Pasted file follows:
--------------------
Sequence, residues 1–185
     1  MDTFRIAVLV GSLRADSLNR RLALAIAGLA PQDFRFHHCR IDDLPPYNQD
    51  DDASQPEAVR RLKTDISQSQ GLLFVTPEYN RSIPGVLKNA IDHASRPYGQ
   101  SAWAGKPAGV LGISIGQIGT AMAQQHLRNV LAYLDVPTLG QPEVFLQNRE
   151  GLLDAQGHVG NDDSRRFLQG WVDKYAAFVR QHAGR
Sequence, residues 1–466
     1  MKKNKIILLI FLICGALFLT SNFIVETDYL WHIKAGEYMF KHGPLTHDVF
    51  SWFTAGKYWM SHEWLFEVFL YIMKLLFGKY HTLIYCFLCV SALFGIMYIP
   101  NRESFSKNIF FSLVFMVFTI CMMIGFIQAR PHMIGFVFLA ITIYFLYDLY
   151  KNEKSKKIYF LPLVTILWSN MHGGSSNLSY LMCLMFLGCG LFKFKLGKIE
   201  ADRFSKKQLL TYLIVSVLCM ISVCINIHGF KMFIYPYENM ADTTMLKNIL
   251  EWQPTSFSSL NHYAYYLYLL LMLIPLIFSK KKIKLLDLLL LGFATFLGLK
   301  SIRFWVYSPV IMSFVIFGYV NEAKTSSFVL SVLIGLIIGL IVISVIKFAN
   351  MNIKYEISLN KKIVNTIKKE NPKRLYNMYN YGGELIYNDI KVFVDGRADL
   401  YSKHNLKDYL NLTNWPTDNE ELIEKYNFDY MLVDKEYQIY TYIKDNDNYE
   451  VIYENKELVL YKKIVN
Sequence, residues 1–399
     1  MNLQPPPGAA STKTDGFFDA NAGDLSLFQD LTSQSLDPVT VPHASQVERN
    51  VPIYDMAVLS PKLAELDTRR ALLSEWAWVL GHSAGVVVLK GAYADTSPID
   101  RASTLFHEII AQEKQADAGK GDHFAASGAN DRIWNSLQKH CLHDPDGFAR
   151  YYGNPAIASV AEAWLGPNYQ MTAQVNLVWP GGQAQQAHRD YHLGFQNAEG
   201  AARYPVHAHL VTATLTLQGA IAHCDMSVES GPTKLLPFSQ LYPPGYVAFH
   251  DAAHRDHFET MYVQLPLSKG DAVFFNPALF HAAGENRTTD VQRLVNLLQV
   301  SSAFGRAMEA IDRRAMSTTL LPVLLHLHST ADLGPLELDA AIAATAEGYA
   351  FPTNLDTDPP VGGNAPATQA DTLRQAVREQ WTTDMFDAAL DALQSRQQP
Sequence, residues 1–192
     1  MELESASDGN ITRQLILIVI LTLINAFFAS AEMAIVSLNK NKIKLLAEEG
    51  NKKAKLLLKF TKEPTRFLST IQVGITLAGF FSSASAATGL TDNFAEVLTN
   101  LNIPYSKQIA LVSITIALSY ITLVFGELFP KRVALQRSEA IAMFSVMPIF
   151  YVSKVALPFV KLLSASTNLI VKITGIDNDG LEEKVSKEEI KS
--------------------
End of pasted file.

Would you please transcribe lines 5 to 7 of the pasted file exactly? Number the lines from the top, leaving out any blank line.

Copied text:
   151  GLLDAQGHVG NDDSRRFLQG WVDKYAAFVR QHAGR
Sequence, residues 1–466
     1  MKKNKIILLI FLICGALFLT SNFIVETDYL WHIKAGEYMF KHGPLTHDVF